Counting on a rebound in pet care

Despite a recession that is hitting the industry where it counts, many remain optimistic about the pet care category.

By Nora Caley

Consumers are not giving up on their pets, even as the lingering deep recession takes a deep grip on their wallets and disposable income. But they do seem to be spending a little less on their animal companions.

According to industry data, the overall pet care category, including pet toys, showed a slight downturn in sales, a result, many say, of the effects of the recession and a determined move by most consumers to cut as many incremental non-necessary sales as possible. Consumers say that they are looking at everything on their shopping list and, it appears, that after several years the pet care category is finally getting hit.

According to New York-based The Nielsen Co., for the 52 weeks ended Dec. 26, in food, drug and mass merchandiser stores including Wal-Mart, sales of pet care products dropped 2.6%, from $3.73 billion to $3.63 billion, compared to the same period the previous year. Within the pet care category, some products performed better than others. Sales of litter increased 2.5%, from $1.33 billion to $1.37 billion. Sales of flea collars increased 6.5%, from $167 million to $178 million. Sales of pet care items, which includes internal and external treatments as well as rawhides and accessories, decreased 6.4%, from $2.23 billion to $2.08 billion.

Supermarkets seem to be faring a little better than other mass retailers. In the grocery channel, the dips were not as severe as in the larger food/drug/mass category. Also according to The Nielsen Co., for the 52 weeks ended Dec. 26, in U.S. food stores with $2 million and over in sales, excluding supercenters, sales of pet care products were down only 0.3%, from $1.162 billion to $1.158 billion, compared to the same period the previous year. Sales of flea collars were up 3.6%, from $45 million to $46.6 million and sales of pet care items were down only 0.6%, from $488 million to $485 million.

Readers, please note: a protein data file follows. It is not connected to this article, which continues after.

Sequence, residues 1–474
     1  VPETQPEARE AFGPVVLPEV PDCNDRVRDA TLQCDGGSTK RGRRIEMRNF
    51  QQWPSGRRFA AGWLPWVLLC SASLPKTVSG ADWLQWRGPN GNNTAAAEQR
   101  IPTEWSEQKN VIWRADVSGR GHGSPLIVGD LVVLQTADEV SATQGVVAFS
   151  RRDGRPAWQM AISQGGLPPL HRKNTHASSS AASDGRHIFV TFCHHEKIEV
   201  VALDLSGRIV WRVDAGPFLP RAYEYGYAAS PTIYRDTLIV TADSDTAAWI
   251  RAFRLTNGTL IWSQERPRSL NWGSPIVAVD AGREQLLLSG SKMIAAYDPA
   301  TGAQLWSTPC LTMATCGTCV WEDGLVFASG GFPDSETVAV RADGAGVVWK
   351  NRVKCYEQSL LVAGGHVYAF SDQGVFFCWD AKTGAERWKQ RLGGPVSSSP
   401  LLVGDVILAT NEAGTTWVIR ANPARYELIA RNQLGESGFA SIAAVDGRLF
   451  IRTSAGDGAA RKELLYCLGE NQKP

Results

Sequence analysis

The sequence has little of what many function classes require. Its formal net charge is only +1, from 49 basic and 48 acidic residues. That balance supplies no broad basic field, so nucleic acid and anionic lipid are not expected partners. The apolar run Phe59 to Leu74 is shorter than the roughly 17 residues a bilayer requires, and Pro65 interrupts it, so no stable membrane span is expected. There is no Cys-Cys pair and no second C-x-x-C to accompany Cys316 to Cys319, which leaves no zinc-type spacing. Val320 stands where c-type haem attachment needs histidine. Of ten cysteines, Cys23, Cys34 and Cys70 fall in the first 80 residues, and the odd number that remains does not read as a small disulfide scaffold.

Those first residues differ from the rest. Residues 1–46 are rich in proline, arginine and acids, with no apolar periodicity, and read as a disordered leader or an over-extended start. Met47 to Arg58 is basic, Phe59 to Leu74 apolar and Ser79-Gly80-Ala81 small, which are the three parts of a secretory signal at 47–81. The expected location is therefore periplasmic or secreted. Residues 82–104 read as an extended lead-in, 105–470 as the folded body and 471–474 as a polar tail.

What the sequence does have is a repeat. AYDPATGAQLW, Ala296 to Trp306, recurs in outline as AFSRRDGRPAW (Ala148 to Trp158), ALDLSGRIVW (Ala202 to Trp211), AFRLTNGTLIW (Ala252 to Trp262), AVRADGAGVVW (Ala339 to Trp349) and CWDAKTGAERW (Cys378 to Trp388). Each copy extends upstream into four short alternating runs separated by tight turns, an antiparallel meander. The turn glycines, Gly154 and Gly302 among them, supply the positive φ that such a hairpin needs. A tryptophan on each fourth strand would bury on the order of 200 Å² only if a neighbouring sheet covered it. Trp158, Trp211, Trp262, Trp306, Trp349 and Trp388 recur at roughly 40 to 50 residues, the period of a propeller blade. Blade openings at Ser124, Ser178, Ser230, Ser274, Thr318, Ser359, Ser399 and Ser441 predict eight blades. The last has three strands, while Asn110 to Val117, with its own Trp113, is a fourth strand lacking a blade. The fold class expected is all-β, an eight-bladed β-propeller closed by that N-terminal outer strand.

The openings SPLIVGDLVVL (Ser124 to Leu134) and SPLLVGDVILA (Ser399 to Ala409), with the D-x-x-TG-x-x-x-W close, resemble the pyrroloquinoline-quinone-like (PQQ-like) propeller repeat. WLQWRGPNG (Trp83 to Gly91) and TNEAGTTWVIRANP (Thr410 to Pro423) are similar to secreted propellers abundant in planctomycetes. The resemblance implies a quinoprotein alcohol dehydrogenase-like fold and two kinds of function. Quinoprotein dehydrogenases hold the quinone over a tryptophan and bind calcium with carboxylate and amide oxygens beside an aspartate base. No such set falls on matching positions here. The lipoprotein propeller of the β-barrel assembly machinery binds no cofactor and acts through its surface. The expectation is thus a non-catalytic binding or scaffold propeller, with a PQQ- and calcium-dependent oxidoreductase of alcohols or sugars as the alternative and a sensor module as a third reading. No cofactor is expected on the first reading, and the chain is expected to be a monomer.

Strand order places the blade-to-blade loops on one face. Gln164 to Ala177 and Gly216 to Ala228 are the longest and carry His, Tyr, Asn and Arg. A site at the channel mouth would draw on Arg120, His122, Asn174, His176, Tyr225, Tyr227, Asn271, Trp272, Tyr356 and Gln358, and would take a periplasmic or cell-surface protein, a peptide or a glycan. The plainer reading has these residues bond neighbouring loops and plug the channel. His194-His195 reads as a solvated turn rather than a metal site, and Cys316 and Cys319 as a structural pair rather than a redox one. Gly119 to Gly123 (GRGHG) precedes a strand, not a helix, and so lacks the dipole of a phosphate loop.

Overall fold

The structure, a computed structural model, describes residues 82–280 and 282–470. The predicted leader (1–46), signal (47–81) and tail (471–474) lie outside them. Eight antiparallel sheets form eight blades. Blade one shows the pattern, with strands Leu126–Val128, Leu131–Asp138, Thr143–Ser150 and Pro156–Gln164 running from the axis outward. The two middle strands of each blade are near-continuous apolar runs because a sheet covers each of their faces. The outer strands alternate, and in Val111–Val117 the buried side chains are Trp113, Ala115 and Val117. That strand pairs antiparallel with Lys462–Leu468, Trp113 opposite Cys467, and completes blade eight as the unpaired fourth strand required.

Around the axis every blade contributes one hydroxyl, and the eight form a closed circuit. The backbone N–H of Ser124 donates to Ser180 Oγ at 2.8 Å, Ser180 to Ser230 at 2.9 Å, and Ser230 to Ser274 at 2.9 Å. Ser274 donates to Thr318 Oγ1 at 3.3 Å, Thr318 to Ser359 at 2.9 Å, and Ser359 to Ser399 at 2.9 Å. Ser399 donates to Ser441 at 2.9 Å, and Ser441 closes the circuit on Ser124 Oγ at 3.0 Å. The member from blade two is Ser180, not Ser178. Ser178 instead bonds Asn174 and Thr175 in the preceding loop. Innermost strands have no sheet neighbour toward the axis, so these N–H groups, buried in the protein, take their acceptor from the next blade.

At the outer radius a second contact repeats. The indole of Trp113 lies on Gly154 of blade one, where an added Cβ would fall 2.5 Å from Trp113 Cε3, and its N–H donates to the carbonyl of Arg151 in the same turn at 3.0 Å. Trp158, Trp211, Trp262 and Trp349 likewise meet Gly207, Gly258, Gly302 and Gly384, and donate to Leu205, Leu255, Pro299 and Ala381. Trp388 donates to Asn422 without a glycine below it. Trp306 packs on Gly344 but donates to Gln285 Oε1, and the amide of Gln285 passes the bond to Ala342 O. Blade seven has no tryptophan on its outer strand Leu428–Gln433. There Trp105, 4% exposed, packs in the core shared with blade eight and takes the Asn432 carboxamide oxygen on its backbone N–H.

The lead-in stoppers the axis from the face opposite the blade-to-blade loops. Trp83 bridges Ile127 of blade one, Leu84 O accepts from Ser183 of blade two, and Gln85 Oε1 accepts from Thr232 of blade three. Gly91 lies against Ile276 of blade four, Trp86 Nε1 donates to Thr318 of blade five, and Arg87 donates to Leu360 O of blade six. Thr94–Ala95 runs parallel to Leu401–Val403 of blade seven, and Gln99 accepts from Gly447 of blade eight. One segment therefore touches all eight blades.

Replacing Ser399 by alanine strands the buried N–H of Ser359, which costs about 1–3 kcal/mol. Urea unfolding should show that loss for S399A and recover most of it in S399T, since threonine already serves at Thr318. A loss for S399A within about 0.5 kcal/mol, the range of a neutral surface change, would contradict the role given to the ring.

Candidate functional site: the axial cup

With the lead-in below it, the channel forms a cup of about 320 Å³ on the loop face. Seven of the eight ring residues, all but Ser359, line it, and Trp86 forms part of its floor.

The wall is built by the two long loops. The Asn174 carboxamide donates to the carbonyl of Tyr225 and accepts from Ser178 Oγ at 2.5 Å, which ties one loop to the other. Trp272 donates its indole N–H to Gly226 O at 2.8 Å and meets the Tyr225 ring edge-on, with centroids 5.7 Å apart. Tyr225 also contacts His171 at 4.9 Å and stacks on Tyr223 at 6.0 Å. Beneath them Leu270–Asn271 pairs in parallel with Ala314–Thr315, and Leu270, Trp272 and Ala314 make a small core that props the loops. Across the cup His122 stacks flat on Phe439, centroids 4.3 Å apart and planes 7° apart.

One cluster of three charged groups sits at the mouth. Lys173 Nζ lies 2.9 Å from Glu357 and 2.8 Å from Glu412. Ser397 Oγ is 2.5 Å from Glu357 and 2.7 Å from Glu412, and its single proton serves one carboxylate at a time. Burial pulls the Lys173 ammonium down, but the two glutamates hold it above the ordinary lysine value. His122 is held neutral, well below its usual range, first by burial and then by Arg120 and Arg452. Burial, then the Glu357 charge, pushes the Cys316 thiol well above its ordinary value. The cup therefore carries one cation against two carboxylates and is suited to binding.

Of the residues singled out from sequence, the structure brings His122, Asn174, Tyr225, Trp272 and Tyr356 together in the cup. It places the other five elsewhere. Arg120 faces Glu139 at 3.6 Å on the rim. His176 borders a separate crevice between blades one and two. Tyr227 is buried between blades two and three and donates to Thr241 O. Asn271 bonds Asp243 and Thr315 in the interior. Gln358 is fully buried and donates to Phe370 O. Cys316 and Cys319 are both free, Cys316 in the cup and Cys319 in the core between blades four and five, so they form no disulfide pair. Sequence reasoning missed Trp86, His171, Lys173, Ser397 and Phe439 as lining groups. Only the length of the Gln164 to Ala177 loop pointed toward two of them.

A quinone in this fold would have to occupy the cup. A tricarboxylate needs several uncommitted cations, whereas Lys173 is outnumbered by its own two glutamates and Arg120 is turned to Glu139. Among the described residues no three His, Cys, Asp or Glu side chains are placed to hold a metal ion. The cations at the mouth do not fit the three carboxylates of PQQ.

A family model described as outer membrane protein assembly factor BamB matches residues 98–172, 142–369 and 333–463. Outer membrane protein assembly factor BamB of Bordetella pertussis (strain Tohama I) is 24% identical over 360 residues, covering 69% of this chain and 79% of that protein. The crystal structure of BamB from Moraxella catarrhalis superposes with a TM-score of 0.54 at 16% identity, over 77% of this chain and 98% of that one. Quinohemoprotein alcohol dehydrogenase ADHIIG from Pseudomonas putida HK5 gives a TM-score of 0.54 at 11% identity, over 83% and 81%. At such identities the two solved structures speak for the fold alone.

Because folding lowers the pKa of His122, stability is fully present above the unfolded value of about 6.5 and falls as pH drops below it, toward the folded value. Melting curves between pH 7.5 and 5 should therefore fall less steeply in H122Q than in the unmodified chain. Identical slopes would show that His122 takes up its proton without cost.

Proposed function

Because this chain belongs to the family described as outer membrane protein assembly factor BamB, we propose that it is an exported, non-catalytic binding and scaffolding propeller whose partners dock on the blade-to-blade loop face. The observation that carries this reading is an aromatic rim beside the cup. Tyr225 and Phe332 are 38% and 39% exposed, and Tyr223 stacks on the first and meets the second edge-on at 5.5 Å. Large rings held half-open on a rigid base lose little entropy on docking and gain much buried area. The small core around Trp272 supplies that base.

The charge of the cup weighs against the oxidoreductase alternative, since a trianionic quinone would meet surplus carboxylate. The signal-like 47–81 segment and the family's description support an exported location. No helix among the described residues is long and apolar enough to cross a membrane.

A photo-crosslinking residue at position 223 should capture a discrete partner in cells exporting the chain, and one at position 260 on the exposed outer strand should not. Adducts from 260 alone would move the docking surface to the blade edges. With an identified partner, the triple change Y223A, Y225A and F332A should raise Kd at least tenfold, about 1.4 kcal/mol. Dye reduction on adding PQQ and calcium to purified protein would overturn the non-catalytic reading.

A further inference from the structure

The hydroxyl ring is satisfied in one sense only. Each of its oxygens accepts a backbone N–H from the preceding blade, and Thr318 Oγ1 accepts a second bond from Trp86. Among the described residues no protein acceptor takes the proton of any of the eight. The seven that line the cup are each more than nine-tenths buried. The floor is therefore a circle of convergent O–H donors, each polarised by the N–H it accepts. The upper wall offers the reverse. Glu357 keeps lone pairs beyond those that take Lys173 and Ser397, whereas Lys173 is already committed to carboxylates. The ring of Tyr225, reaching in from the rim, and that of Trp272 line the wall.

Still, on the eve of the Global Pet Show in Orlando this month, industry officials seem to be as optimistic as ever about the pet care category. A number of them contacted by Grocery Headquarters say the dip in pet care sales is only momentary—a sign of just how deep this recession is—and sales will rebound as soon as the overall economy improves.

In fact, some of the larger pet care companies say that sales have remained strong during this tough period. Officials at Hartz Mountain, for example, note that sales of its flea and tick products sales are strong and the company is eager to introduce items to the marketplace to be in a better position when the economy turns. Sergeants’ officials, voicing a parallel tone, say the Omaha, Neb.-based company is also actively introducing items to the marketplace.

Other suppliers have similar opinions. “I see it as being very healthy,” says Chris Gatto, vice president of sales for food/drug/mass for Ethical Products Inc., based in Bloomfield, N.J. “We’re kind of going through a transition stage where our retailers are looking at the category and seeing it’s a very profitable section.”

Mark E. Johnson, executive vice president of TFH/Nylabone, based in Neptune City, N.J., agrees that the pet category in grocery is healthy. “Pet is a category still growing in the face of the very significant recession because consumers have refocused on home, family, children and pets.”

But Johnson says that the pet industry—retailers and suppliers—must pay attention to the key trends driving sales to keep the momentum going. “Consumers are looking for natural, organic and healthy products,” he says. “‘Made in USA’ is a more important feature than ever. Essentially as we recognize the need to eat a healthier diet ourselves and we treat our pets with the same attention.”

Leslie R. Yellin, director of business development for Multipet International, also says that sales at the Moonachie, N.J.-based company are up. To maintain those sales increases, the company is working with retailers to introduce items regularly and refresh the selection in the stores. “When the shopper is going to the same grocery store every day and seeing the same toys, you see declines in sales,” she says. “You bought a toy and your dog liked it, then you bought it a second time and the dog liked it and now you want to buy something different.”